The solution described in the '729 Patent (tested in Example #1) is designed specifically to take advantage of the use of heat while still maintaining a high degree of carbonation. The mechanical embodiment for this process is found in U.S. Pat. No. 5,593,091 (the '091 Patent), a dual solution application system. This system allows the carbonating cleaners to be applied to a textile at ambient pressure and at least 140 degrees Fahrenheit. The apparatus described in the '091 Patent was used to test all previously listed examples in the same manner of the first test, the heating being accomplished in accordance with the '729 and '091 Patents. Again, the comparisons were made and judged on the same graduating scale. The neutral score of 5 given to the results of Example #1.

From the results shown in Table 2, it was shown that, when heated, the solution in Example #4 was as good as, or better than, the solution in Example #1, although as a heated solution, the differences between them were not as great as when they were applied at ambient temperature. It was also noted that neither heated Example #1 nor heated Example #4 performed as well on urine stains as the unheated Example #4. The same proved to be true of blood stains.

Another test was performed in which the solutions of Examples #1 and #4 were additionally compared on actual soiled carpets in poorly maintained apartments in the local area. Again, the tests were made with both hot and cold applications. Several of these carpets were judged to be ruined or beyond the realm of cleanability. The apartments were divided and different solutions were used to clean each area. Each solution was sprayed from a pressurized sprayer at ambient temperature and removed from the textile by means of an absorbent pad. A clean pad was used for each application. Ten comparisons were made. For cleanability the solution of Example #1 was judged to clean better on one carpet. On four carpets there was no measurable difference, and on five carpets the solution of Example #4 was better. No clear difference in yellowing could be determined from this testing. For urine removal, old stains that had been previously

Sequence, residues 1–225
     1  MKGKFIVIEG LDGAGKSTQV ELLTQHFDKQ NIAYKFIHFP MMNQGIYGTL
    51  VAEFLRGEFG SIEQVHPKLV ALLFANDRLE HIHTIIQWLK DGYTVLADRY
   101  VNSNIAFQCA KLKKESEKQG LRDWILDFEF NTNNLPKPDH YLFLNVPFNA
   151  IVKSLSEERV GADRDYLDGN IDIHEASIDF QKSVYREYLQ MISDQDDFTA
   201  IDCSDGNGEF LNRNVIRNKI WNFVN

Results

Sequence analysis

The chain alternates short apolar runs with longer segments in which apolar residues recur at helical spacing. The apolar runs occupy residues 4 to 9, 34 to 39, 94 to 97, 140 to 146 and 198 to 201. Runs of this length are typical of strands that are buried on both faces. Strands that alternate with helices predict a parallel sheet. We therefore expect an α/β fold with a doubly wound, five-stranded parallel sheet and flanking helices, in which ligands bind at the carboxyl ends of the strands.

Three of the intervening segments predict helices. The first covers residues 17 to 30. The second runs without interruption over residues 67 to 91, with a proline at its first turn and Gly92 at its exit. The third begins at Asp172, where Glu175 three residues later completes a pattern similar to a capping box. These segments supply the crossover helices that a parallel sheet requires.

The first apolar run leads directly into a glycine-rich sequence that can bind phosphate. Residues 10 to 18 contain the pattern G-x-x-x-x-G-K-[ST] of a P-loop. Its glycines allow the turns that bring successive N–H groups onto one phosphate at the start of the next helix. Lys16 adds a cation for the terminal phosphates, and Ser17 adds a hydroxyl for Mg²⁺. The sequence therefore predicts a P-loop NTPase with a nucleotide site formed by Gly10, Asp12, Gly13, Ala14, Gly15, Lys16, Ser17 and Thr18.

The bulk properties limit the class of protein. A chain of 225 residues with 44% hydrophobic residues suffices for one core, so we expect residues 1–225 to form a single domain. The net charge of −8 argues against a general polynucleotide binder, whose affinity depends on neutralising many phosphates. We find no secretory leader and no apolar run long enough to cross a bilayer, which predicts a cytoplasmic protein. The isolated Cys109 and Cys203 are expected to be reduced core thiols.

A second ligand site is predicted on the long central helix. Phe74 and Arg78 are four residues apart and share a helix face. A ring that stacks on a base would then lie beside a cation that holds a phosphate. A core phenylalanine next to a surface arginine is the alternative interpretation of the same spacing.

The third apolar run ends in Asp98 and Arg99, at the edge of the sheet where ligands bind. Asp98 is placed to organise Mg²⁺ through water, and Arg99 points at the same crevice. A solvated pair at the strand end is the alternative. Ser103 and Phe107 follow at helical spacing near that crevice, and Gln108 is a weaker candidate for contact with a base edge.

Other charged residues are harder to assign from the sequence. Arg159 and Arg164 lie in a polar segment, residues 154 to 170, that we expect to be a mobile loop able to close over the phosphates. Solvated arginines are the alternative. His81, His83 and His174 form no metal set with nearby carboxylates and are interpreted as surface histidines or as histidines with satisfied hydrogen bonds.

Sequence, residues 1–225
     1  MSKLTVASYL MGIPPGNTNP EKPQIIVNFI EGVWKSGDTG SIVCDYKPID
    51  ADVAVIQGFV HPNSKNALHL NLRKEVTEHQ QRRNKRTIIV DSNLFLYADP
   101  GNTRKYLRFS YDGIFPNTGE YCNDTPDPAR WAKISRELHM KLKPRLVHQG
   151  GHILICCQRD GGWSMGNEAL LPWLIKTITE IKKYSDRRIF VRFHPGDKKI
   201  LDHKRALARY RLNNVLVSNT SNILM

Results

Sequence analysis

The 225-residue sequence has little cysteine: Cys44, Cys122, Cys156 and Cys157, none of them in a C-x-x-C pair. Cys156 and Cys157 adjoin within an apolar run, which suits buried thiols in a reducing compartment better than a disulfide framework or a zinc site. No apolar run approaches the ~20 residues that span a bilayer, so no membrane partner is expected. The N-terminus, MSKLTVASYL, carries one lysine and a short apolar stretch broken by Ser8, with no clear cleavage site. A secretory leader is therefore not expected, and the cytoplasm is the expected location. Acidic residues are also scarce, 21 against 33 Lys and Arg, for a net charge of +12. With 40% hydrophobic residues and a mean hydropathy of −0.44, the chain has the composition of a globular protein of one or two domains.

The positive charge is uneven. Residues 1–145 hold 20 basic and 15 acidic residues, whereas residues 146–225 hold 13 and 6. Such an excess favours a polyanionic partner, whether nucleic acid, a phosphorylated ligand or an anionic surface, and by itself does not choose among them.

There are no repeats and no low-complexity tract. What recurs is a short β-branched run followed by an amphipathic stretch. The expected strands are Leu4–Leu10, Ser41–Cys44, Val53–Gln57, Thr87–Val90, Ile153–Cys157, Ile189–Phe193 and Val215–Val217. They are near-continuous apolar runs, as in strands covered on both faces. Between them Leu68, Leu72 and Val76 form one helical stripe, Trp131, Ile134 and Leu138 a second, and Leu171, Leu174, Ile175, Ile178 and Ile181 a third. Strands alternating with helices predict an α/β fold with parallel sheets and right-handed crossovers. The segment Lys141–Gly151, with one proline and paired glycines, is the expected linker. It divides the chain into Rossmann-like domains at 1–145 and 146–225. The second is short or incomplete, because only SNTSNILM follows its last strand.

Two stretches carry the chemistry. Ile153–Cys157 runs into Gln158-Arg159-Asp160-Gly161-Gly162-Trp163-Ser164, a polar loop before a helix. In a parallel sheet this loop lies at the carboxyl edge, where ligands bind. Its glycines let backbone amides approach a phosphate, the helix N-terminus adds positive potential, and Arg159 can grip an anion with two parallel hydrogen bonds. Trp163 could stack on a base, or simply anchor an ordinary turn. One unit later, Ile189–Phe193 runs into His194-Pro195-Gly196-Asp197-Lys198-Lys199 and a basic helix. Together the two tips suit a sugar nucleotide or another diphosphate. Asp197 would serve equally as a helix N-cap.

TABLE 2______________________________________TESTING OF HEATED CARBONATED CLEANING SOLUTIONS   cleanability             resoiling                      urine stain removal                                 yellowing______________________________________Example 1   5         5        5          5  Example 2 3 2 3 2  Example 3 5 5 4 4  Example 4 6 5 6 7  Example 5 5 5 6 5______________________________________

cleaned by unknown sources were improved equally well by Examples #1 and #4. However, fresh stains, urine stains that had not been cleaned prior to testing showed a marked difference in performance. Example #1 did well, but Example #4 showed a unique and unexpected effervescing action upon contact with the stain, the stain then being more easily and completely removed than with Example #1.

Additional tests were made using the mechanical method described in the '091 Patent, and heated solutions were applied to five different carpets from the same apartment complex, the carpets being divided in the middle of the most worn areas and a different cleaner used on either half. Of these five carpets, both solutions seemed to generate comparative results as to general cleaning. Urine stains were move profoundly affected by the cleaner in Example #4. The overall result was that the acid/carbonate/bicarbonate solution of Example #4 was a better cleaner. Surprisingly, neither Example #1 nor Example #4 did better as a heated cleaner than Example #4 did at ambient temperatures on specific stains and general cleaning. The exception to that was in the case of oils, fats, and greases most commonly found near a household or commercial kitchen area.